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Blogcat's Take, 2/14


Trying to find the good in the Hornets’ final three games before the All-Star Break is like trying to find the good in Darth Vader: you can sense it, but you probably can’t prove it without an intense electroshock session. Not helping is the fact that Charlotte’s three losses came in three very distinct but well-known flavors amongst the fan base, Neopolitan-style: the inexcusable loss to the openly tanking team (Philly); the gut-punch, last-second, agonizing heartbreaker to a team they probably would beat at full strength (Indiana); and the KTFO pummeling to a team they probably won’t ever beat without the use of shovels (Detroit). In fact, if I had to take a stab at something (besides my own eyeballs—is it possible to un-see our guys getting torched like an angry village mob by the likes of DJ Augustin!?), I’d say that the only good uncovered in that ménage-a-travesty came from who wasn’t there. Yep, as that jagged triton of defeat twisted its way through the viscera of my fandom, utterly disemboweling my morale, my dying grasp toward hope could only graze the merciful, sweaty headband of...Mo Williams.

The recently acquired Mo Williams’ best quality might just be that he’s not the departing Gary Neal, and for that alone Williams deserves not just our applause but probably several well-lubricated hand-jobs. I’ve written about this in the past, but it’s worth repeating: were it not for Lance Stephenson, Neal would be a first ballot inductee in the Primoz Brezic Hall of Taint (Stephenson has already done enough to earn his own exhibit and is currently working on his own wing). True, Neal was “only” a net -4.9 in points-per-100 possessions, which is not even as bad as Al Jefferson’s -6.9, let alone Lance’s -8.0. But basketball-reference.com has him down for just 0.2 win-shares (again, ahead of rhymes-with-pants), two full games behind Bismack Biyombo, even though a) Neal played almost 300 more minutes than Biz, and :cool: it’s Bismack Biyombo. And not that I need or even want to, but when I look up his real plus/minus on ESPN.com, it’s -1.51, 97th among shooting guards. I don’t even think I could name 97 shooting guards—even if you let me list past and present, college and pro, living or dead. And all of this dogdoo would still be edible if Neal could have just shot well or even mildly well, or even below average, but therein lies the beast: the median eFG% in the NBA is 49.4%, the Sixers are the worst shooting team at 45.6%, and this yahoo was putting up an absolutely flabbergasting 40.8%. Neal had four 0-for games this year in which he went at least 0-for-5-or worse, and he had another five 1-for games in which he went 1-for-5 or worse. Altogether, Neal had 13 games in which he shot under 25% from the field, which is straight-up Brian Williams-level accuracy. For a guy with a career eFG% of .497, who’d never shot worse than .462 entering this season, this year’s .408 made him unplayable, not to mention unwatchable. We gotta go to Mo.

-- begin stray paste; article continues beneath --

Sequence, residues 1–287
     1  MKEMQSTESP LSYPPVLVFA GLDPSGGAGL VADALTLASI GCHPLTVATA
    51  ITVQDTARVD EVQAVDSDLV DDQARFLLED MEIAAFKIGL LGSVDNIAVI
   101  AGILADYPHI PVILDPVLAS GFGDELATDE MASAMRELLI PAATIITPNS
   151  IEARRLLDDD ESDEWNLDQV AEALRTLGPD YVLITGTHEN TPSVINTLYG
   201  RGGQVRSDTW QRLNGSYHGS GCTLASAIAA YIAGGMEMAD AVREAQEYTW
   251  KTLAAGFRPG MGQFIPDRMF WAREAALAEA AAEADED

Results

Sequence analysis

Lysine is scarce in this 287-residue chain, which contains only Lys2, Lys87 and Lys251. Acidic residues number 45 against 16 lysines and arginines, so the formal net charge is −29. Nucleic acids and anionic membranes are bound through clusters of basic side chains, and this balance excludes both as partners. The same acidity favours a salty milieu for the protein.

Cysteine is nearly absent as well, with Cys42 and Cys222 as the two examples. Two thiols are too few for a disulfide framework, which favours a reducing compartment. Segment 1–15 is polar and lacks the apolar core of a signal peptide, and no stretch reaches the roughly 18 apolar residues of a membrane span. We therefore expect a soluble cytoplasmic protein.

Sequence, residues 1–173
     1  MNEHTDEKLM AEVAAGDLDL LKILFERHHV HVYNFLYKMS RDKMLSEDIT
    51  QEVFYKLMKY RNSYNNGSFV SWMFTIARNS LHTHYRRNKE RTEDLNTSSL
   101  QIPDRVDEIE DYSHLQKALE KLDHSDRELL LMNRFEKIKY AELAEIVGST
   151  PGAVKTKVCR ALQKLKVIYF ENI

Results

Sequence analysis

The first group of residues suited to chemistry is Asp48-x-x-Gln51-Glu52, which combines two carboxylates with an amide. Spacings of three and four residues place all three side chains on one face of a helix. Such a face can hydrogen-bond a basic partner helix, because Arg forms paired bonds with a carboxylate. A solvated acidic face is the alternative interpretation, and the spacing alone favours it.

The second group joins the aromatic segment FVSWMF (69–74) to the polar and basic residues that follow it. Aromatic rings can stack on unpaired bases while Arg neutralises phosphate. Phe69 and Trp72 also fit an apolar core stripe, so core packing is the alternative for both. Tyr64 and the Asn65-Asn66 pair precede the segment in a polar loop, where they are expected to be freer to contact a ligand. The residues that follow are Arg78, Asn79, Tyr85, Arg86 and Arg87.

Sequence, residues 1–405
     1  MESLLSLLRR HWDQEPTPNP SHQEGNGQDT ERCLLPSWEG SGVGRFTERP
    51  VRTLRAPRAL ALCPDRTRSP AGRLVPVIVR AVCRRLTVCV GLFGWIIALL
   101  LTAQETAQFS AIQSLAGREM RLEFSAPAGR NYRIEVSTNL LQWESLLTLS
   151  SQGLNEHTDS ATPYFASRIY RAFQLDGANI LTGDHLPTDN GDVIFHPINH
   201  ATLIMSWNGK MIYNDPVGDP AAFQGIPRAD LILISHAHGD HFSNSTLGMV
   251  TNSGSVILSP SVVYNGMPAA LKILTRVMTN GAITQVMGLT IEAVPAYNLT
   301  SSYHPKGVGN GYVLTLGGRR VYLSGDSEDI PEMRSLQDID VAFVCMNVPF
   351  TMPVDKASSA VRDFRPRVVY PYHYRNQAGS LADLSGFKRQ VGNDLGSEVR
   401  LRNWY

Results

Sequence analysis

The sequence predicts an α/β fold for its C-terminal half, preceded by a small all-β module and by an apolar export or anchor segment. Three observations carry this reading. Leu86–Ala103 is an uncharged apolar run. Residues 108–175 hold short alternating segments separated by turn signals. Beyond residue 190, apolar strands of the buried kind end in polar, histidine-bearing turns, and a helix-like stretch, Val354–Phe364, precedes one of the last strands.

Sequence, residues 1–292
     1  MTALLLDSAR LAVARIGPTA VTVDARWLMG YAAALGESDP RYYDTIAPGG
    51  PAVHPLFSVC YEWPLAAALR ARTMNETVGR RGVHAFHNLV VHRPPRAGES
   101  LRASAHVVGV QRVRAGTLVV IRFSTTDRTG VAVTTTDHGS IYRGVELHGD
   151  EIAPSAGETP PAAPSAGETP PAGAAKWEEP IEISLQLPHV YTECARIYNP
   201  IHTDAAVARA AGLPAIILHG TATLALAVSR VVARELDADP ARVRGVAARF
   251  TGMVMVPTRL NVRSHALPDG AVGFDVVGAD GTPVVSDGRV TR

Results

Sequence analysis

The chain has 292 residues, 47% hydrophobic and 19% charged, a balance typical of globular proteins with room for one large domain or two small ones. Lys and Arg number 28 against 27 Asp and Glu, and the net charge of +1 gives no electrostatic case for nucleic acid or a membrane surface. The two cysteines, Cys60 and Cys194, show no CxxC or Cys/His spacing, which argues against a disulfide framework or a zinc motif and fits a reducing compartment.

Filling in this year for the injured Ricky Rubio in Minnesota, Williams has been just a hair below league average with a 14.3 PER...which means he’s been a James Harden beard above Neal’s 9.9. Mo’s eFG% of .511 is right in line with his post-2009-10 career, otherwise known as his post-LeBron career, when his numbers across the board after James left Cleveland completely recalibrated (Mo Williams is basically the living embodiment of the LeBron Effect; playing with the King can be such a performance enhancer that we should consider nicknaming LeBron “LeBronasyl” or “LeBrondegen” or something). Williams has gotten to the free throw line on a sold 21% of his attempts and he’s shot an equally solid 38% from downtown. The one red flag is his alarming 17.3% turnover rate; dude’s had more giveaways than Amazon, and unfortunately, it’s not just a one-year Minneapolis anomaly. To put that into context, of Williams’ new teammates, only Lance-onia has been able to match that level of opponent customer service.

Otherwise, it’s a statistical clear sky with Mo. He was a net -6.1 on the court with the Timberwolves, but they were a -12.9 without him. It’s true that you’ll have more success sending gays to religious conversion therapy than you will getting Williams to play serious defense. 82games.com says opposing PGs are playing at a 17.7 PER, and his defensive RPM is a pretty brutal -1.55. However, that’s not only better than the late Gary Neal (-3.69), it’s also better than Brian Roberts (-2.10). In summary, this was a low-cost move with potentially huge upside on paper.

Let’s hope that upside chooses the red pill, because “paper” is about the width of the Hornets’ margin for error for making the playoffs, especially with 3 games still to play against Detroit. The Pistons really delivered it to us in under 30 minutes on Tuesday, and in a way that fell more ruthlessly systematic than fluky. Charlotte doesn’t have the frontcourt size and strength to stop Greg Monroe and Andre Drummond, and even when we get Kemba Walker and Jesus Gilchrist back, the Pistons have a lot of depth and shooting accuracy on the wings. Perhaps we were just undermanned and over All-Star Break-on-the-brain’ed on Tuesday, and the next three games vs. Detroit will be a different story. And perhaps Detroit’s onward march to a top-8 seed will be irrelevant, because Brooklyn and Miami could both surrender, and the Pacers could simply out-fail us. But Kemba will probably be rusty whenever he does come back, and in MKG’s case, if there were any logic to language, “hamstring” would be a four-letter word; who knows when he returns? So again, hope rests with Mo Williams spearheading another classic Hornets duct-tape job, desperately trying to triage a playoff run that could well be mortally wounded.

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